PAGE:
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      New York’s four “shock camps” throw selected nonviolent felony offenders into a military boot camp-style program, with academics, exercise, community service, counseling, and drug treatment. New York claims these programs have saved taxpayers billions over the years, and that participants have lower-than-average recidivism rates. Last week, Gov. Paterson proposed shuttering one of the four camps, the Moriah Shock Incarceration Facility in Mineville, as one of a slew of cost-cutting measures. Altogether, Gov. Paterson’s prison budget plan is expected to save $14.1 million, reports the Plattsburgh Press-Republican; New York corrections officials say they’ll divert the savings into expanded mental health and sex offender programs.

      Tomorrow, citizens are expected to rally to keep Moriah Shock open — among them Moriah Town Supervisor Tom Scozzafava, brother of a certain erstwhile Republican Congressional candidate. Over at North Country Public Radio, you can listen to Scozzafava explain why he thinks closing the Moriah camp is a bad idea, and hear a 1999 news report featuring interviews with inmates from Moriah Shock’s “Sixth Platoon.”

      Written by sara

      January 27, 2010 at 2:36 pm

      “A Penal Colony for Kids”

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      That’s how New York Magazine‘s Jennifer Gonnerman describes the Tryon Residential Center in her lengthy article this week on the upstate New York juvenile prison. [h/t: my favorite East Villager, Casey Degen.] Apart from being the place where a young Mike Tyson learned to box, Tryon doesn’t have a great track record: in recent years, kids have suffered concussions, broken bones, and even — in the case of 15-year-old Darryl Thompson of the Bronx — accidental death at the hands of staff there. (Thompson’s death was medically ruled a homicide, but the grand jury declined to indict.) The DOJ threatened to step in if conditions didn’t improve, Governor Paterson’s started a task force, and last week Mayor Bloomberg announced plans to restructure New York City’s juvenile justice system so as to incarcerate fewer teenage offenders.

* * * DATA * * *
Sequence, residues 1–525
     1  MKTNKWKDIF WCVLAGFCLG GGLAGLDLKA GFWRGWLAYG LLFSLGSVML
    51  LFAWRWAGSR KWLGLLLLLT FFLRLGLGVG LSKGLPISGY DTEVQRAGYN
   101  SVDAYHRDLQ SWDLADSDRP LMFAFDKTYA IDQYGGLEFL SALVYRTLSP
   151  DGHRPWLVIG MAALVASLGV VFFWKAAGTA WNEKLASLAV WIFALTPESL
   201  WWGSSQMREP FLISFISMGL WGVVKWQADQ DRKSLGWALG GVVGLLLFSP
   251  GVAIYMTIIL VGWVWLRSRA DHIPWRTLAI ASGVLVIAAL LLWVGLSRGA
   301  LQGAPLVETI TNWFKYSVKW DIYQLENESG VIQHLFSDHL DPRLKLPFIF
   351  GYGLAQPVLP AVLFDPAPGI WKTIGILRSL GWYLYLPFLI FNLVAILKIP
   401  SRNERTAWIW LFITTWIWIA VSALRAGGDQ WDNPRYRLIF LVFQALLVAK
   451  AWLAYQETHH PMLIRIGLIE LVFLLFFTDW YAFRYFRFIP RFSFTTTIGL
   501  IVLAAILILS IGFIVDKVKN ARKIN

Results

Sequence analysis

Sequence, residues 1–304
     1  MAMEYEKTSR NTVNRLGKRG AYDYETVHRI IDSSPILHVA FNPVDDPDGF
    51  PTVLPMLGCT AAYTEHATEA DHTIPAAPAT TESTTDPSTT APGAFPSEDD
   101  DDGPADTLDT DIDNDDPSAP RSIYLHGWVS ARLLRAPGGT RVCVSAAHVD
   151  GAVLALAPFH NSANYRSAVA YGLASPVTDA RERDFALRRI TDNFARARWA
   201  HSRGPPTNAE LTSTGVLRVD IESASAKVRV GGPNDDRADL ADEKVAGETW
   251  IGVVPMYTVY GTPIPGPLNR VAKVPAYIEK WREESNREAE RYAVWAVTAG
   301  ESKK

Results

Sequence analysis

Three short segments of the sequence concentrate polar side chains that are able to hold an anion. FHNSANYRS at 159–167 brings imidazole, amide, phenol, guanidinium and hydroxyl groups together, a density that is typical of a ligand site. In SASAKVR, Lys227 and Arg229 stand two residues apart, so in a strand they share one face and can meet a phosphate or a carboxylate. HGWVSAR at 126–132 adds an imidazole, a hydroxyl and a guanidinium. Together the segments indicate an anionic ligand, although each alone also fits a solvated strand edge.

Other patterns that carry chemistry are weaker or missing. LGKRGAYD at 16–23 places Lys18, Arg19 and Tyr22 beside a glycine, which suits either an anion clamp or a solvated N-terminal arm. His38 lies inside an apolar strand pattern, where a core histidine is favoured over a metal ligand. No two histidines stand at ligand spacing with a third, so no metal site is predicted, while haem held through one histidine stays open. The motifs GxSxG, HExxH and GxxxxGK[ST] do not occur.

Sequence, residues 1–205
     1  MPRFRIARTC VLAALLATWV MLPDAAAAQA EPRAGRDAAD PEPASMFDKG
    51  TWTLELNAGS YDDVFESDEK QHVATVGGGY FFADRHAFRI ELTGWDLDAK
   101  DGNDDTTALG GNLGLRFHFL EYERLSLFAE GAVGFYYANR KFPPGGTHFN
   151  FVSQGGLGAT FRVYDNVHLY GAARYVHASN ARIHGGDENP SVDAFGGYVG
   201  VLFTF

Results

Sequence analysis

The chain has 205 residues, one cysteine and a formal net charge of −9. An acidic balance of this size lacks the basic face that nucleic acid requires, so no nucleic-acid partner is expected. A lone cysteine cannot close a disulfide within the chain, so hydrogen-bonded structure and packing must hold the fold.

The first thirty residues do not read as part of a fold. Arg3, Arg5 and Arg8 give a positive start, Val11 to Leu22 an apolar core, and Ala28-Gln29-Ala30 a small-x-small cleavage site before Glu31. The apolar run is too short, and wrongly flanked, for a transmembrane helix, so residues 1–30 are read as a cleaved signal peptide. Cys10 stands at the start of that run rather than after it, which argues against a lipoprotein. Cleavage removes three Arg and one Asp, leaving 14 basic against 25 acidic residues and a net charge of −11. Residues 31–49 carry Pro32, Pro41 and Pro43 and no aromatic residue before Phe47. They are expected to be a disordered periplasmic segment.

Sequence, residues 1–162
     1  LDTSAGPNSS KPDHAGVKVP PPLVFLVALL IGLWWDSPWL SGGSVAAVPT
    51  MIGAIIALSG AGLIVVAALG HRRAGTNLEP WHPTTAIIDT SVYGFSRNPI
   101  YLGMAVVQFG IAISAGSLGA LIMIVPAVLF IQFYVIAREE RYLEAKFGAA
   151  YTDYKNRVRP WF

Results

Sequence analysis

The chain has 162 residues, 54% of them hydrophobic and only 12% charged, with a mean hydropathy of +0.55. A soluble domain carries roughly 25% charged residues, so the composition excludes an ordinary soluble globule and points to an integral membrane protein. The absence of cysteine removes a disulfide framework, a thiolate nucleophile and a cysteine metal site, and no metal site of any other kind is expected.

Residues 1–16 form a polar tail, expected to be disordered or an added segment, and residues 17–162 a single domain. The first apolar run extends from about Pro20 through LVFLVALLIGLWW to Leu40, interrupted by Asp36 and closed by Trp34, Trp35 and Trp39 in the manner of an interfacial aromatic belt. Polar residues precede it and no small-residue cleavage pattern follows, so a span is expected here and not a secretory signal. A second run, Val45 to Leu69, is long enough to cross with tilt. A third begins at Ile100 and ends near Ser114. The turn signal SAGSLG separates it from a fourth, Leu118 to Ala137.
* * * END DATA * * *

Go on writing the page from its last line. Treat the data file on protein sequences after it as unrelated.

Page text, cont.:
From a one-time height of over 300 boys, the center currently houses just 46 boys, as young as 12, half with diagnosed mental illnesses, most black, many with histories of abuse and stints in the foster care system, and most hailing from Brooklyn and the Bronx. It’s sort of like a twisted version of the Fresh Air Fund:

      To the kids from New York City, Tryon feels like Siberia. “It’s like being in outer space,” says a teenager from Linden Boulevard. The sun disappears by mid-afternoon, and the snow never seems to stop. To get from their cottage to the school building, the boys pull on hats, gloves, and boots, then walk a quarter-mile through howling wind. From their bedrooms, they can hear guns firing—not the sound of a drive-by but of deer hunters. The kids talk to their families on the telephone, but many of them never get a visit. It’s difficult to get here without a car, and the trip by train and cab from New York City can run close to $200 round trip, an impossibly steep price for most parents.

      Especially troubling is Gonnerman’s description of the mental health care services — or lack thereof — available to the boys incarcerated at Tryon:

      Read the rest of this entry »